Cohen was not only in talks to buy the Mets in late 2019 and early 2020 but actually had an agreement in place to increase his stake in the team from eight percent to 80 percent over a five-year period. However, that deal fell apart in February — reportedly after managing partner Fred Wilpon and son Jeff (the Mets’ COO) sought to alter some terms at the eleventh hour. Neither party would comment directly on why the deal crumbled. Cohen said in a statement at the time:

                  I’m very disappointed we couldn’t work out a deal, but as an eight percent holder I’m looking forward to a higher bid for the team. I want to thank the fans for their support and the respect they showed me and I want to thank Commissioner Manfred and MLB for their support through the process. I gave it my best shot.

                  Cohen, a New York native with a net worth estimated at one point to be in excess of $13 billion, grew up as a Mets fan. That has given current fans hope that he could substantially up the team’s payroll in the event that he is ultimately victorious in his apparently renewed pursuit of a purchase. Whether that was actually the case earlier this year can’t be known, and it’s particularly up for debate whether it’d play out in such a manner following substantial revenue losses and a stark economic downturn. Cohen’s initial bid on the Mets was reported to be a whopping $2.6 billion. Updated bids are expected to be lower, however, due both to recent economic turmoil and the fact that the current sale is said not to include any stake in the SNY Network.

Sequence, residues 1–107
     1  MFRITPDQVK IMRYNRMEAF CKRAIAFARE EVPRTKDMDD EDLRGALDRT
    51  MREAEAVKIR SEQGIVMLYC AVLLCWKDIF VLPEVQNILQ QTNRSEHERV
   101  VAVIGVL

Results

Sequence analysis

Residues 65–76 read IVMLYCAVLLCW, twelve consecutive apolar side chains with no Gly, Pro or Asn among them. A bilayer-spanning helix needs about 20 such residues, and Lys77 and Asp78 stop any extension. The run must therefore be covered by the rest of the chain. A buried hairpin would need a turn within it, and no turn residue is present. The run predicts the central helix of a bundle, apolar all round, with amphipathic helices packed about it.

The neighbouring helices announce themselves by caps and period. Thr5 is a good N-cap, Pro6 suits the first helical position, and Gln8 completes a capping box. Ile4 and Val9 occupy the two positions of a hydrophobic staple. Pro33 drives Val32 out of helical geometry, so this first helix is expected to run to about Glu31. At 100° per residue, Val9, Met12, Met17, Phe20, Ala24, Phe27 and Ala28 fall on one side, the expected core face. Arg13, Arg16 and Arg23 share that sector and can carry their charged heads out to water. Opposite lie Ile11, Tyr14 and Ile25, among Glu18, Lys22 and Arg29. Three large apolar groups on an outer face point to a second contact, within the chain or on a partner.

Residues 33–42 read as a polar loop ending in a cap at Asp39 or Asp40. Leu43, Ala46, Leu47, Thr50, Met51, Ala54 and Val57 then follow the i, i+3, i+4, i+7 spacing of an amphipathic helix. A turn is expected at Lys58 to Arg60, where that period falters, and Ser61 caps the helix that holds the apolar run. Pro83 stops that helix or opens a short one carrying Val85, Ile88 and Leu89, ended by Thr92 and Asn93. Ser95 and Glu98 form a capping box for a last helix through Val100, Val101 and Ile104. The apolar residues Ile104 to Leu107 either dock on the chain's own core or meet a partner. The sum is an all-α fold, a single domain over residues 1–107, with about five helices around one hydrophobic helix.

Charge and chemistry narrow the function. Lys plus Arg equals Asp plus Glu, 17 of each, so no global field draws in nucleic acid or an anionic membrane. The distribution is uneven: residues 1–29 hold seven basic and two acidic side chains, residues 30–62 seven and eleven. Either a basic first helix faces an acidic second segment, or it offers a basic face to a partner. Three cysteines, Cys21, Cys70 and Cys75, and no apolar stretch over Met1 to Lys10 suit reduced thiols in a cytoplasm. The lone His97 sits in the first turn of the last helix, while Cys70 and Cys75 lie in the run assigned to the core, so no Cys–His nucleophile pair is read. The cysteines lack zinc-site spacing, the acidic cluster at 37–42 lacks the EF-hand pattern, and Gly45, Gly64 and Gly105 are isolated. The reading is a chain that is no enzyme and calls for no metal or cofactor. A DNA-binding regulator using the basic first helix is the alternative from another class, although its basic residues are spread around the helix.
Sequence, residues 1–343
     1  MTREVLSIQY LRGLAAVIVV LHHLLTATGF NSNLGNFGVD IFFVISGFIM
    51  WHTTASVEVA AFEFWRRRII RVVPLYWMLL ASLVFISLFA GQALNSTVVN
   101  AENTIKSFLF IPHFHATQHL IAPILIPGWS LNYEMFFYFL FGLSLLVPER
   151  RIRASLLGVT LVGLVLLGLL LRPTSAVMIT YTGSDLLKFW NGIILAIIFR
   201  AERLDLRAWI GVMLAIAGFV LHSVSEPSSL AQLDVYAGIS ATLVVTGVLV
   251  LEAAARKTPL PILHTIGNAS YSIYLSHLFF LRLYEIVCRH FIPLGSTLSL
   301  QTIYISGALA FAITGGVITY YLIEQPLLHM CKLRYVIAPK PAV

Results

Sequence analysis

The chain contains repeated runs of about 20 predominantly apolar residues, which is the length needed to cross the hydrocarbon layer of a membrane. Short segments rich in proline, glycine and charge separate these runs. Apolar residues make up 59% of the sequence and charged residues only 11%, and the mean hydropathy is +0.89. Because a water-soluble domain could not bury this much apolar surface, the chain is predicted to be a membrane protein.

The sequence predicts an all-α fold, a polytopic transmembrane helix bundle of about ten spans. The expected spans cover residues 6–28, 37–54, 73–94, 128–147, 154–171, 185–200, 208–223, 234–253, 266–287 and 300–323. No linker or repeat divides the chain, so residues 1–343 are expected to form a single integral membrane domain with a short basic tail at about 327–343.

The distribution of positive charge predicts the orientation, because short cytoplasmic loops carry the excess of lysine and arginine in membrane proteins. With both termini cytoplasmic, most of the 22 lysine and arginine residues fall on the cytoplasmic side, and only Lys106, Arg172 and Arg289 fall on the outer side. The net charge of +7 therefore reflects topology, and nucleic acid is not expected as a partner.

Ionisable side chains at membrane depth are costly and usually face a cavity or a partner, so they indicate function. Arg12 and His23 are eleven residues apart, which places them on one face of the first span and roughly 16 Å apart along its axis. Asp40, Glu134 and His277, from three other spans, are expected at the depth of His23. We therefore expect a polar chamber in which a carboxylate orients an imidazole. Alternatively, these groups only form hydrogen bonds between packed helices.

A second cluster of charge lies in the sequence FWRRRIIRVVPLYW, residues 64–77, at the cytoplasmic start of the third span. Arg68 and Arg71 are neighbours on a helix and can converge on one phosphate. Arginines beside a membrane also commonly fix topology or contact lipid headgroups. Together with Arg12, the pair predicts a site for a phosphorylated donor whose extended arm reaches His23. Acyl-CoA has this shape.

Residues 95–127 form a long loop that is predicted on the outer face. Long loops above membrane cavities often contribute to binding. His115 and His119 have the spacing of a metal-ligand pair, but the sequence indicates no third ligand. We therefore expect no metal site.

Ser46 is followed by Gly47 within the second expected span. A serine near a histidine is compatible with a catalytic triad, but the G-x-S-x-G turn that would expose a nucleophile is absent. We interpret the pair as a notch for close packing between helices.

The other ownership groups, of course, shouldn’t be counted out. While few can match Cohen’s considerable net worth, the A-Rod/J-Lo group recently enlisted Florida Panthers owner Vinnie Viola and VitaminWater and BodyArmor co-founder Mike Repole to bolster its resources. Harris and Blitzer already own a pair of U.S. sports teams, and Harris has a minority stake in an English Premier League club, so this is familiar territory.

                  There’s also been reported interest in the Mets from U.K. billionaires David and Simon Reuben. The brothers carry a net worth even greater than that of Cohen — a reported $14 billion — and have interest in expanding their broad-reaching real estate and retail enterprise into New York in the near future. Bloomberg reported that they recently purchased retail space in Manhattan, and they’re said to have interest in developing the land around Flushing’s Citi Field. Whether they’re one of the five (or more) groups to have formally submitted a bid isn’t yet clear.

                  As many as seven groups were pre-approved by Major League Baseball recently. The Wilpons are aiming to complete a sale of the team by end of year.

                  Drew's Sig